A Taste of the Teahouse Treats at Windsor Terrace's East Wind Snack Shop

Foie gras bao
Foie gras bao
Photos by Zachary Feldman, the Village Voice

Chef Chris Cheung has cooked his way through numerous New York City restaurant kitchens over the past two decades. As a line cook, he landed a spot on Nobu's launch team and worked under Wylie Dufresne during the pioneer's tenure at Jean-Georges. Later, he ran the short-lived Almond Flower Bistro in Chinatown and the Hotel Elysee's Monkey Bar. Last month, the Chinatown-raised progressive-Chinese chef opened East Wind Snack Shop (471 16th Street, Brooklyn; 929-295-0188), bringing elevated homemade dim sum and small plates to Brooklyn's Windsor Terrace, the neighborhood he's called home during most of his career.

Dry-aged beef dumplings
Dry-aged beef dumplings
Photo by Zachary Feldman, the Village Voice

Tucked into a shoebox-sized space near the 15th Street F/G station, East Wind represents a tonal shift for Cheung. Having worked primarily in fine dining, he found inspiration in Chinatown's once populous teahouses (Nom Wah Tea Parlor on Doyers Street being an archetype of the genre), and the relaxed environs suited him just fine. From narrow, open cooking quarters overlooking a small dining room splashed in red and white, Cheung fries up greaseless vegetable spring rolls and steams flashy foie-gras-filled bao buns, tempering the luxury offal with sweet soy and scallions. The dough is made from scratch. Chewy and dense, it works great with the liver but drags down a pork belly bao garnished with hoisin sauce, herbs, and peanuts.

Sweet chili ribs
Sweet chili ribs
Photo by Zachary Feldman, the Village Voice

Given the standard of quality and care Cheung puts into his dishes (which manager Albert Kang mimics up front), the fact that he's able to keep the menu firmly in "cheap eats" territory comes as a relief. You won't find five-for-a-dollar dumplings, but the five pork dumplings ($5) you do get here exhibit that delicious textural dichotomy of juicy innards and crackled exteriors. A beef version of the thin-skinned orbs costs a couple dollars extra, but they're stuffed with supple, dry-aged meat that packs in noticeable bovine funk — a treat to pair with standard accoutrements like hot and soy sauces. Most of the food arrives in cardboard baskets lined with wax paper, but that's a fine compromise when prices top out at $12 for a pile of sweet, sticky chili-sauce-slathered ribs served with rice and pickles. Vegetarian diners with appetites can follow those spring rolls with an order of stir-fried "Happy Buddha" vegetables.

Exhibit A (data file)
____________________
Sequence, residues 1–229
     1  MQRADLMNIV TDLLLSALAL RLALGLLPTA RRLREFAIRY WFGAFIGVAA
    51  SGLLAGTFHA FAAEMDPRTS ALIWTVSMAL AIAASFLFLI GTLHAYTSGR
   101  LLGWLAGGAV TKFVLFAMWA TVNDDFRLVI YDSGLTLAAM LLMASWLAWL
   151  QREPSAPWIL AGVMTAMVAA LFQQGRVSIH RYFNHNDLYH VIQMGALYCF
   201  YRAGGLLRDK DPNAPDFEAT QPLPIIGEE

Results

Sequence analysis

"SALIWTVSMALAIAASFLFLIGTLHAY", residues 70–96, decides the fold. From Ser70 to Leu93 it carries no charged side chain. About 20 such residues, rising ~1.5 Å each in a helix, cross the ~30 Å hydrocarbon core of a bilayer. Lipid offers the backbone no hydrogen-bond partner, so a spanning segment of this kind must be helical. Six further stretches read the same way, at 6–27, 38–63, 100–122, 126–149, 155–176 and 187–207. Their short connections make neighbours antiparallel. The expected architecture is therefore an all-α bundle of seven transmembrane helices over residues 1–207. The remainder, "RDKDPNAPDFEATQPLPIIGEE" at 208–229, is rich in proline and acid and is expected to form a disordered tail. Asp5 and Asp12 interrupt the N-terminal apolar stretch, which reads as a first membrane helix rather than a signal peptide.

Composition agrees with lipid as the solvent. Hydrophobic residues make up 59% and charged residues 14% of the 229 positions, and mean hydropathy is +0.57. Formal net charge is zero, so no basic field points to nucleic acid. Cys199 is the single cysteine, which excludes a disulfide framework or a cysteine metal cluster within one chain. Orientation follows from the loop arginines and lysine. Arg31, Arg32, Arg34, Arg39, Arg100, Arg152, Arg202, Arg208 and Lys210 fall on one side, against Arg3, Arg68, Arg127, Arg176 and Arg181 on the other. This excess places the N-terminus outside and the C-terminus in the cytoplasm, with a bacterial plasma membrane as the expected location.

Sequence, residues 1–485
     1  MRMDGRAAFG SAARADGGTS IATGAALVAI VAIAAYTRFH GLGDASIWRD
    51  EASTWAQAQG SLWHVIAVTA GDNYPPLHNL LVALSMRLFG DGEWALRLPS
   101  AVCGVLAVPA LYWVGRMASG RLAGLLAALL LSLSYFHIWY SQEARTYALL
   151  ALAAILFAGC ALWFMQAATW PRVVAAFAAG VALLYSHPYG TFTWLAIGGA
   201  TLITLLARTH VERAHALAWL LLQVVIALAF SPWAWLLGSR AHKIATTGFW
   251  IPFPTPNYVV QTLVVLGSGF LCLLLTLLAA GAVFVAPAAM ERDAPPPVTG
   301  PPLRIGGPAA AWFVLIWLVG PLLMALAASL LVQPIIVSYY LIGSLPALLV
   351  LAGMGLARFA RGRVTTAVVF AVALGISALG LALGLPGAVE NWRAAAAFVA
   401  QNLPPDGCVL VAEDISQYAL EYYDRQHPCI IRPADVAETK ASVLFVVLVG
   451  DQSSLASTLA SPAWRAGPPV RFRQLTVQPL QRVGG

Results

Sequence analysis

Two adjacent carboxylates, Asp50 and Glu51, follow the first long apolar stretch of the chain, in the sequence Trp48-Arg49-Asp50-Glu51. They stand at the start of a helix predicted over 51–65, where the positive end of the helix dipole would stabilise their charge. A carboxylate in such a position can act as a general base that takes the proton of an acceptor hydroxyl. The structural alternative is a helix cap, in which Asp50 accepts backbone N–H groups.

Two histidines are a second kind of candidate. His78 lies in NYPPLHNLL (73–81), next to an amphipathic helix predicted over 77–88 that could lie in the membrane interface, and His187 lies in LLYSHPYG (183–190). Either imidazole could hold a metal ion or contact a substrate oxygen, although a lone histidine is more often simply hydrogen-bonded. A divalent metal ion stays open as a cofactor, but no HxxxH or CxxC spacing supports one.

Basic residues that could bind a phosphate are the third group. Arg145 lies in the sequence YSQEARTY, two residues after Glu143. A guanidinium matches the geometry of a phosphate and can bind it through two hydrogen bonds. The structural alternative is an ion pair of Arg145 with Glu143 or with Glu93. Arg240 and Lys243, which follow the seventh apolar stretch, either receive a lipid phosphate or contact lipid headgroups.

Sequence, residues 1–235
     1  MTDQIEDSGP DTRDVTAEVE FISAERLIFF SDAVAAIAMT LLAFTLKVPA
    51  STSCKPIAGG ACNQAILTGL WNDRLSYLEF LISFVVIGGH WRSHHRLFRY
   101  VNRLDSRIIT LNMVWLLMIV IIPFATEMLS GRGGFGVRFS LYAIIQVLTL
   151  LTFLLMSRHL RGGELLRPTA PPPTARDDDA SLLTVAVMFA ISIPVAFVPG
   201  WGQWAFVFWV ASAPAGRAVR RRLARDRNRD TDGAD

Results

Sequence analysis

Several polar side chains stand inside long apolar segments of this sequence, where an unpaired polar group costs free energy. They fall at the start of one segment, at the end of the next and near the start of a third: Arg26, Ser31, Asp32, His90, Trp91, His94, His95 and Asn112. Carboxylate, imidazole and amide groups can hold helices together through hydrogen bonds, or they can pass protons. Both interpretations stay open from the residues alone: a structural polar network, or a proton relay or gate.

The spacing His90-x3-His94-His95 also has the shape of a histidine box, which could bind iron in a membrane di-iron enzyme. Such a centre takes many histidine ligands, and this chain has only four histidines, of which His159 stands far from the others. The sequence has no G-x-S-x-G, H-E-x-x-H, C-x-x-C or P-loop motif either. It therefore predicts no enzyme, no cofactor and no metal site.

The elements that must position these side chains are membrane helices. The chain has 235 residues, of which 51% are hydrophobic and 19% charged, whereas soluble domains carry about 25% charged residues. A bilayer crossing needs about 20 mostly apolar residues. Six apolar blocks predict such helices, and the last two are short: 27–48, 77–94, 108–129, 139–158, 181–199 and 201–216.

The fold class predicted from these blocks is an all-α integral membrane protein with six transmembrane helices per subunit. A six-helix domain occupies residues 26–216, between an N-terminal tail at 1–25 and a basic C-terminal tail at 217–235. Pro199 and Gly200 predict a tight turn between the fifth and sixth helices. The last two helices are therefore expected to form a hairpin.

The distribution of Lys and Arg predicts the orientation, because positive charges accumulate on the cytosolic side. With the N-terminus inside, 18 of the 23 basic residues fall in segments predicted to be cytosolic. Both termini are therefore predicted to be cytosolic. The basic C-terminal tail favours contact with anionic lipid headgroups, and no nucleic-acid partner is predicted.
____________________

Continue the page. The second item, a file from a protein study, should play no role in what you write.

Interior
Interior
Photo by Zachary Feldman, the Village Voice

For dessert, try doughnut-like Hong Kong–style fritters dusted with lemon sugar, fried to order and perfect for pairing with hot or cold tea. The options are limited to chrysanthemum and bubble varieties, but just like at the establishments it pays homage to, the tea at this teahouse is sort of beside the point. The drinks soothe (or refresh) nonetheless.

It bears pointing out that Cheung is another in an increasing number of chefs who've abandoned exalted kitchens to serve their communities. East Wind Snack Shop readily excels in this regard, providing gentrifying Brooklyn with a casual, welcoming environment within which to sample Cheung's largely excellent, gussied-up Chinese street food.

Follow Zachary Feldman on Twitter, @Zachats

Check the next page for photos.  

Pork belly bao
Pork belly bao
Photo by Zachary Feldman, the Village Voice
Dumplings
Dumplings
Photo by Zachary Feldman, the Village Voice
Spring rolls
Spring rolls
Photo by Zachary Feldman, the Village Voice



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